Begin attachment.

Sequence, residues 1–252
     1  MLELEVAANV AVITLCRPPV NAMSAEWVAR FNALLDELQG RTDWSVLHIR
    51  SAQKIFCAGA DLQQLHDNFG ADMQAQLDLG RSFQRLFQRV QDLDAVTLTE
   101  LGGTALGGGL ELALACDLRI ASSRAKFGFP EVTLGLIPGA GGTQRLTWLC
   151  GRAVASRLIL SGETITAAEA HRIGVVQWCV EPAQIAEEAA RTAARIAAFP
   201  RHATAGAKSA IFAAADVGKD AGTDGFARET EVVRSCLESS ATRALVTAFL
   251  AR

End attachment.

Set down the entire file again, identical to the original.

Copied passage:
Sequence, residues 1–252
     1  MLELEVAANV AVITLCRPPV NAMSAEWVAR FNALLDELQG RTDWSVLHIR
    51  SAQKIFCAGA DLQQLHDNFG ADMQAQLDLG RSFQRLFQRV QDLDAVTLTE
   101  LGGTALGGGL ELALACDLRI ASSRAKFGFP EVTLGLIPGA GGTQRLTWLC
   151  GRAVASRLIL SGETITAAEA HRIGVVQWCV EPAQIAEEAA RTAARIAAFP
   201  RHATAGAKSA IFAAADVGKD AGTDGFARET EVVRSCLESS ATRALVTAFL
   251  AR